11. 11. Suggested themes for STIP research for Africalics Innovation Innovation &Innovation and Sectoral Governance of systems in Global Micro-studiessocial inclusion studies STI Africa challenges(a) Innovation (a) Emergence (a)Innovation in (a)Evidence- (a) Climate (a) SMMEsin the informal& agricultural based changesector transformation sector innovation (b) Adoption of Innovation policy making (b) Waste and (b) Medicinal in Africa(b) Gender and systems in management in appropriation plants andSTI Africa Africa of technology health (b) STI by the urban(c) Innovation (b) Urban Local indicators (c) Green small firms (c)for poverty Economic energy Infrastructure (c) Politicalreduction Development (c)Grassroots Economy of (d) Resource- (d) Pollution innovation Innovation(d) Innovation (c) University- based sectors management inin healthcare industry- and Africa (d) Legalsystems society diversification frameworks & linkages IPRs (e) ICTs (Traditional (d) Public Knowledge ) Understanding (f) Green of STI industries
  12. 12. Suggested umbrella research programmes & projects• Programme with projects on sectoral patterns of capability building and innovation in Africa.-targeting important sectors such as: environment, biotechnology & agriculture, bio-energy, solar energy, software, ICT infrastructure, nanotechnology and materials, water, health systems & delivery of inclusive health, mining, oil, etc.• Programme for surveying STI activities in all regions of Africa at various levels of analysis on STI to create a complete data bank.• Programme for exploring the opportunity of building systems of innovation and policy learning initiatives on the basis of the current African Union, the NEPAD and other regional economic communities (RECS).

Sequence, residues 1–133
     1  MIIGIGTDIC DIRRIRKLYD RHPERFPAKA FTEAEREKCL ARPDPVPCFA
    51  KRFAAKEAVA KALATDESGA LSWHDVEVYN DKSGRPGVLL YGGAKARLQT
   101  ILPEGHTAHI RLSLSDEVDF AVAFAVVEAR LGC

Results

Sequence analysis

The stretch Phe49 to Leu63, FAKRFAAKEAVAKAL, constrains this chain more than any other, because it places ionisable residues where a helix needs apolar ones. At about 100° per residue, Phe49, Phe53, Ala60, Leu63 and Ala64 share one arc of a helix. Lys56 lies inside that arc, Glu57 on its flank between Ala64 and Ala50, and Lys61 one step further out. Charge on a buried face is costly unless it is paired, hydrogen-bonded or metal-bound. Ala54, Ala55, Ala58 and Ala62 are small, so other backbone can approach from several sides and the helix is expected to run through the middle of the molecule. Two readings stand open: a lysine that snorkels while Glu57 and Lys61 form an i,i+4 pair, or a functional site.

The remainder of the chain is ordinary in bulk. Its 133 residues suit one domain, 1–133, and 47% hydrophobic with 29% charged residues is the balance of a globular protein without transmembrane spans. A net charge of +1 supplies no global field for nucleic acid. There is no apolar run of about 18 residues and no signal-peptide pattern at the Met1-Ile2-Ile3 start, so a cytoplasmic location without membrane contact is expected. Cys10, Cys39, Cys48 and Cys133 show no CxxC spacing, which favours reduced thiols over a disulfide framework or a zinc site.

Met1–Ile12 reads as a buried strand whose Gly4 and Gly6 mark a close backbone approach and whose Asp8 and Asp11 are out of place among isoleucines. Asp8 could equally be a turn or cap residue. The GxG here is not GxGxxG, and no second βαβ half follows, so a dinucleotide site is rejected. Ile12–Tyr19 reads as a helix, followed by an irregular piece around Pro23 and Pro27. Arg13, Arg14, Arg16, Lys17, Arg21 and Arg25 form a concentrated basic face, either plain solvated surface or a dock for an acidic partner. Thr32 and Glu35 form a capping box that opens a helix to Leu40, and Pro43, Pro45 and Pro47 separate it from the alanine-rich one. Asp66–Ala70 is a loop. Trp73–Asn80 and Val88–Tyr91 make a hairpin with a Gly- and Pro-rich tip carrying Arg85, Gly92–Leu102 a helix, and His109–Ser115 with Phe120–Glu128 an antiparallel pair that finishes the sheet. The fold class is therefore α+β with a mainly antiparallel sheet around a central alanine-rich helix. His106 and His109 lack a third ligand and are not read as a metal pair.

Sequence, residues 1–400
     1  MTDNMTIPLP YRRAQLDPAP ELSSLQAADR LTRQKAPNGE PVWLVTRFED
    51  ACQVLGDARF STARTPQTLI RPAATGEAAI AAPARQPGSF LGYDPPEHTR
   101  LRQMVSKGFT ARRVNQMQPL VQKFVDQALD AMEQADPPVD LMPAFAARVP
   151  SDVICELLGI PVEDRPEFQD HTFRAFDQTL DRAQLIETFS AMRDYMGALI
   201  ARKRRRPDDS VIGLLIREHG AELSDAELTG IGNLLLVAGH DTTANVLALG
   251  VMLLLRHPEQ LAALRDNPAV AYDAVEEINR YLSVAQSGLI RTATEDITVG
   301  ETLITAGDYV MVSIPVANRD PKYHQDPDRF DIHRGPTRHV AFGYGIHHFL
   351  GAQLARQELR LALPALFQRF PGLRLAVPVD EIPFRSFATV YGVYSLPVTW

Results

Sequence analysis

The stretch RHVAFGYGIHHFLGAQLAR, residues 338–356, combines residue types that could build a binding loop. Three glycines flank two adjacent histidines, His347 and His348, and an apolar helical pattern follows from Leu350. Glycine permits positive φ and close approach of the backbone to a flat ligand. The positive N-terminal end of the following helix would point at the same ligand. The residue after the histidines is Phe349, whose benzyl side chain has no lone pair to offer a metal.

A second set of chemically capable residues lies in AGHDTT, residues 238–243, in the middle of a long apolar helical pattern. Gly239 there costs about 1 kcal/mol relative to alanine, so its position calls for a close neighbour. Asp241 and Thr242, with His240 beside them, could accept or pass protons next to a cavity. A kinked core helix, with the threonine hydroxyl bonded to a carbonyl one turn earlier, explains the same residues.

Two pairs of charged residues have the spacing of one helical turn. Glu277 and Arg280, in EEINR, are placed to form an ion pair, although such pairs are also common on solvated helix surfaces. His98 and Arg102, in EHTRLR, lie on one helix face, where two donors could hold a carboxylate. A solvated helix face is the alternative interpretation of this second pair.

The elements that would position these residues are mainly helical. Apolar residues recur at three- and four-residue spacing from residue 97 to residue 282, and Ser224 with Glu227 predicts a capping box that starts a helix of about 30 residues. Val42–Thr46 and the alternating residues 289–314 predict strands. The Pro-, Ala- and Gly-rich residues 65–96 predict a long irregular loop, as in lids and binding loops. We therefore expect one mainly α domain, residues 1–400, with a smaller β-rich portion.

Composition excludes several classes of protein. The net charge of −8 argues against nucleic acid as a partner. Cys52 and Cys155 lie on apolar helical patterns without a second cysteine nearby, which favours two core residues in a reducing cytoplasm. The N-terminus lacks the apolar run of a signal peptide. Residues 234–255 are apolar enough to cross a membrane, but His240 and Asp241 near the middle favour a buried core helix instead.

13. 13. Ongoing/planned AfricaLics activities• The Africalics Academies at rotational basis (Kenya in Nov 2012 for Anglophones & Algiers in 2013 for Francophones)• Journals linked to Globelics but focusing on Africa: – Journal African Journal of Science, Technology, Innovation and Development (AJSTID) – Ethiopian e-Journal for Research and Innovation Foresight (Ee-JRIF) – Others....• AfricaLics Conferences (resources for journals/publications etc) – Globelics 2014 will be in Africa• Link to other networks e.g. African Network for Solar Energy-• There is room for linking these up with other on-going intiatives (AU, Nepad, EAC, Ecowas, SADEC etc) These need to re-enforce each other